Environmental Protections: Gove and the Lords vs the Treasury

The Environment Secretary, Michael Gove, has gone to war with the mighty Treasury over their blocking progress on our environmental protections. There is a happy coincidence between this Cabinet bust up, the EU’s taking the government to court over its failure to act on air pollution and the Lords rejecting the government plans for a post Brexit environmental enforcement agency. It highlights why the government should scrap their current flabbyconsultation on the creation of an environmental protection agency and restart it based upon the Lords’ amendment to the EU Withdrawal Bill.

The EU has finally acted to protect public health after 8 years of illegal air in the UK; it should have happened far sooner. I’ve been writing to the Commission since 2002 asking for them to reject plans by the government and successive London Mayors as inadequate. In the meantime, tens of thousands of people have died premature deaths because of government complacency and the vested interests of vehicle manufacturers.

If Brexit is going to be a success, then it needs to be a green Brexit. That’s why I welcome legal action being taken by the European Commission, because it highlights what a UK enforcement agency, with teeth, should do. One reason for the Lords’ rejection of government plans to create a new watchdog to take over the European Commission’s role, was that their proposed agency lacked any legal bite. It would be a lame lapdog of a quango, which would inconvenience no one and what is the point of that?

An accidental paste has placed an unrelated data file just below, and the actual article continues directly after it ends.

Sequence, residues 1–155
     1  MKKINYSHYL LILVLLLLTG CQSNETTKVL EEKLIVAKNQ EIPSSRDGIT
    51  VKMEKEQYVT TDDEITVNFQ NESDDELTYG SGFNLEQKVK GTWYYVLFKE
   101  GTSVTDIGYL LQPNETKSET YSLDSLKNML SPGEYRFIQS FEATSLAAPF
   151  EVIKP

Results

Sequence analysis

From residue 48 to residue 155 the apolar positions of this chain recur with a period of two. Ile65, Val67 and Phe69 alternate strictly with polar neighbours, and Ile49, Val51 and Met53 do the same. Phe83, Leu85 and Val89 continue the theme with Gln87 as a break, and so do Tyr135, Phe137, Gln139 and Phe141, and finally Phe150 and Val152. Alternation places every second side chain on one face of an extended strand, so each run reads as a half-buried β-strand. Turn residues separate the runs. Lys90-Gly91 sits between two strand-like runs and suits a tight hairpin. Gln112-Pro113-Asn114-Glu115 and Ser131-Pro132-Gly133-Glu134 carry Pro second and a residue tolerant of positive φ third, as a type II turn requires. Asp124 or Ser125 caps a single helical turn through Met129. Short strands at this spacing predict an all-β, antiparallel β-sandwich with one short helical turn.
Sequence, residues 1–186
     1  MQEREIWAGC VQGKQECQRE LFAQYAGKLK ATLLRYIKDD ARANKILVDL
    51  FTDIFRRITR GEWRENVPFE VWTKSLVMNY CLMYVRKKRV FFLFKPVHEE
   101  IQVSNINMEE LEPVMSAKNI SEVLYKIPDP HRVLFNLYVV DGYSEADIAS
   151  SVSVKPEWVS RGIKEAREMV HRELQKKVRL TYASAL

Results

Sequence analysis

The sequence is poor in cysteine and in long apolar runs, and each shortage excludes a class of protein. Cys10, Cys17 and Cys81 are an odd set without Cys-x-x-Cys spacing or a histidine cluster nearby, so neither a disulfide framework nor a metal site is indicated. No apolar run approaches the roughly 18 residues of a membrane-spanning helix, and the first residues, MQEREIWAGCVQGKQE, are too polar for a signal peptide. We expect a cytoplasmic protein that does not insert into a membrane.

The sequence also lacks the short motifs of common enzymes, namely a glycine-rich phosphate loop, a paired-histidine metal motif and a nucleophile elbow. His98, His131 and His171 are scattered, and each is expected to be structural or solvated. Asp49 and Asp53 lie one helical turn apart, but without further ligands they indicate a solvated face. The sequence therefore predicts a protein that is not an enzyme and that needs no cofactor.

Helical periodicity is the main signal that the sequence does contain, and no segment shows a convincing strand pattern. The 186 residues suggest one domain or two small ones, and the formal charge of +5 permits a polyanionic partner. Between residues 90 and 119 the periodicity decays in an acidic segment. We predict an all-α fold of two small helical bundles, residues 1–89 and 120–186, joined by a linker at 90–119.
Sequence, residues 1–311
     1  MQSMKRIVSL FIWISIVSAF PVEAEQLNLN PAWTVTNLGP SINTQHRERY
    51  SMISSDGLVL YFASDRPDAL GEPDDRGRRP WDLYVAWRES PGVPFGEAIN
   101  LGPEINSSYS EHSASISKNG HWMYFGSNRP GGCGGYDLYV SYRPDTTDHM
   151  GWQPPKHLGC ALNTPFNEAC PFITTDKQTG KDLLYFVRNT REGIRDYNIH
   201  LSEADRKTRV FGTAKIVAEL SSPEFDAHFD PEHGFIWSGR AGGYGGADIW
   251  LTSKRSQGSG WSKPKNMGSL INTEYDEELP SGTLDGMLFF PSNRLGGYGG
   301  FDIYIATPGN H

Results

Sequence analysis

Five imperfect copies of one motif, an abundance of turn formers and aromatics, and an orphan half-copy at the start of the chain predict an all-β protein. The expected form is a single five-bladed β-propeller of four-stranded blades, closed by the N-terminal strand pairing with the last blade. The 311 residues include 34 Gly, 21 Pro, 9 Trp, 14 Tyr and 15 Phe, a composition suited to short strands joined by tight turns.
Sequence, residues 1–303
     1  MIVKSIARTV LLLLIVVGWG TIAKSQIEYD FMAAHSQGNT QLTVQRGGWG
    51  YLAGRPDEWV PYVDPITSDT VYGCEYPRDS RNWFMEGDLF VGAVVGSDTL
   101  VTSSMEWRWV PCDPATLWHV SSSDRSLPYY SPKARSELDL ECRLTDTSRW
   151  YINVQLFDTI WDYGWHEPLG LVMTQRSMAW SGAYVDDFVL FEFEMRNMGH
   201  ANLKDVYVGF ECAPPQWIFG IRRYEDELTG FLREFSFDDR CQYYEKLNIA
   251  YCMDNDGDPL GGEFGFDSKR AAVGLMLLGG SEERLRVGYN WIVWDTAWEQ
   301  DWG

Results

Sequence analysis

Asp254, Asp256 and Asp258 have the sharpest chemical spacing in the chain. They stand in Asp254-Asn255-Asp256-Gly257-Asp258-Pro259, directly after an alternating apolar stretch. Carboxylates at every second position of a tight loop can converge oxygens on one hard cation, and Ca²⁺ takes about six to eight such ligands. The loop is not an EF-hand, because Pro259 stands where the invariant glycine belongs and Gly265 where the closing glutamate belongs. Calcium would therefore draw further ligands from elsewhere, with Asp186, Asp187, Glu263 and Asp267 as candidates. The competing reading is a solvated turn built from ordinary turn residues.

My own Clean Air Bill would not only make clean air a human right, it would also create a Citizens’ Commission with the power to support individuals and communities who wish to take legal action against organisations responsible for bad air. This could provide a template for other environmental issues, with the right to clean water being an obvious next step.

The new UK enforcement agency needs to be underpinned by strong principles written into primary legislation. The existing EU principles, like polluter pays, the protection of future generations, and animal sentience, have widespread support, which is why they are included in my Clean Air Bill and the Lords’ amendment. These would inform the agencies work on policy, strategy and its recommendations for action

 

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